Since 2002 Perimeter Institute has been recording seminars, conference talks, and public outreach events using video cameras installed in our lecture theatres. Perimeter now has 7 formal presentation spaces for its many scientific conferences, seminars, workshops and educational outreach activities, all with advanced audio-visual technical capabilities. Recordings of events in these areas are all available On-Demand from this Video Library and on Perimeter Institute Recorded Seminar Archive (PIRSA). PIRSA is a permanent, free, searchable, and citable archive of recorded seminars from relevant bodies in physics. This resource has been partially modelled after Cornell University's arXiv.org.
This talk presents sufficient conditions for equilibration and thermalization of subsystems within closed many body quantum systems. That is, we identify when the local properties of the equilibrium state resemble those of a thermal state. With this aim, the recent progress in this field is reviewed and we introduce a novel perturbation technique for a realistic weak coupling between the subsystem and its environment. Unlike the standard perturbation theory, our technique is robust in the thermodynamic limit.
In my talk I raise the question of the fundamental limits to the size of thermal machines - refrigerators, heat pumps and work producing engines - and I will present the smallest possible ones. I will also discuss the issue of a possible complementarity between size and efficiency and show that even the smallest machines could be maximally efficient. Finally I will present a new point of view over what is work and what do thermal machines actually do.
I provide a reformulation of finite dimensional quantum theory in the circuit framework in terms of mathematical axioms, and a reconstruction of quantum theory from operational postulates. The mathematical axioms for quantum theory are the following: [Axiom 1] Operations correspond to operators. [Axiom 2] Every complete set of positive operators corresponds to a complete set of operations. The following operational postulates are shown to be equivalent to these mathematical axioms: [P1] Definiteness.
Quantum theory can be thought of a noncommutative generalization of classical probability and, from this perspective, it is puzzling that no quantum generalization of conditional probability is in widespread use. In this talk, I discuss one such generalization and show how it can unify the description of ensemble preparations of quantum states, POVM measurements and the description of correlations between quantum systems.
We will analyze different aspects of locality in causal operational probabilistic theories. We will first discuss the notion of local state and local objective information in operational probabilistic theories, and define an operational notion of discord that coincides with quantum discord in the case of quantum theory. Using such notion, we will show that the only theory in which all separable states have null discord is the classical one. We will then analyze locality of transformations, reviewing some general properties of no-signaling channels in causal theories.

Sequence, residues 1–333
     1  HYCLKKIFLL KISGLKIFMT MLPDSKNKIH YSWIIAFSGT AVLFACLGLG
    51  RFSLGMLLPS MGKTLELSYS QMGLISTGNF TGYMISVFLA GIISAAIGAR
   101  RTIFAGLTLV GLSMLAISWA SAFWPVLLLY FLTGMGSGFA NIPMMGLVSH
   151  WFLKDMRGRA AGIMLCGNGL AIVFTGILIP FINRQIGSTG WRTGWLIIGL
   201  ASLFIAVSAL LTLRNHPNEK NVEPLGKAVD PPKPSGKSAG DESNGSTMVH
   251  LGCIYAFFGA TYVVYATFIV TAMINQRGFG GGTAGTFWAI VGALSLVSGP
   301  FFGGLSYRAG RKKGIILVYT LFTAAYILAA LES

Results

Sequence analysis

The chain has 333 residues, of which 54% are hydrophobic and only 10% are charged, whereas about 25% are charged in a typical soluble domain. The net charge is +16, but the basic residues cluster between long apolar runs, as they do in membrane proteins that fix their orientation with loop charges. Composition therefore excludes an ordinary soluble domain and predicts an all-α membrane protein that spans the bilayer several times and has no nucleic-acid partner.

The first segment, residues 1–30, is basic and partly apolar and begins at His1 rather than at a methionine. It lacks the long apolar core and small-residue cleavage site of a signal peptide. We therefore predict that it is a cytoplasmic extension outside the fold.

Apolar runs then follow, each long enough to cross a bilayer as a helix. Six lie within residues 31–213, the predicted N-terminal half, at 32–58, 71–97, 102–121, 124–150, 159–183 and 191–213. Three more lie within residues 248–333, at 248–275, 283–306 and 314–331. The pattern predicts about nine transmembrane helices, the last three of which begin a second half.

The model of local non-Gaussianity, parameterized by the constant non-linearity parameter fNL, is an extremely popular description of non-Gaussianity. However, a mild scale-dependence of fNL is natural. This scale dependence is a new observable, potentially detectable with the Planck satellite, which helps to further discriminate between models of inflation. It is sensitive to properties of the early universe which are not probed by the standard observables.
I will discuss the construction of a holographic dictionary for theories with non-relativistic conformal symmetry, relating the field theory to the dual spacetime. I will focus on the case of Lifshitz spacetimes, giving a definition of asymptotically locally Lifshitz spacetimes and discussing the calculation of field theory observables and holographic renormalization.
We address the problem of testing the dimensionality of classical and quantum systems in a Ã¢ÂÂblack-boxÃ¢ÂÂ scenario. Imagine two uncharacterized devices. The first one allows an experimentalist to prepare a physical system in various ways. The second one allows the experimentalist to perform some measurement on the system. After collecting enough statistics, the experimentalist obtains a Ã¢ÂÂdata tableÃ¢ÂÂ, featuring the probability distribution of the measurement outcomes for each choice of preparation (of the system) and of measurement.
A seminal work by Cleve, HÃÂ¸yer, Toner and Watrous (quant-ph/0404076) proposed a close connection between quantum nonlocality and computational complexity theory by considering nonlocal games and multi-prover interactive proof systems with entangled provers. It opened up the whole area of study of the computational nature of nonlocality. Since then, understanding nonlocality has been one of the major goals in computational complexity theory in the quantum setting. This talk gives a survey of this exciting area.
In this talk, I'll survey various "foils" of BQP (Bounded-Error Quantum Polynomial-Time) that have been proposed: that is, changes to the quantum model of computation that make it either more or less powerful.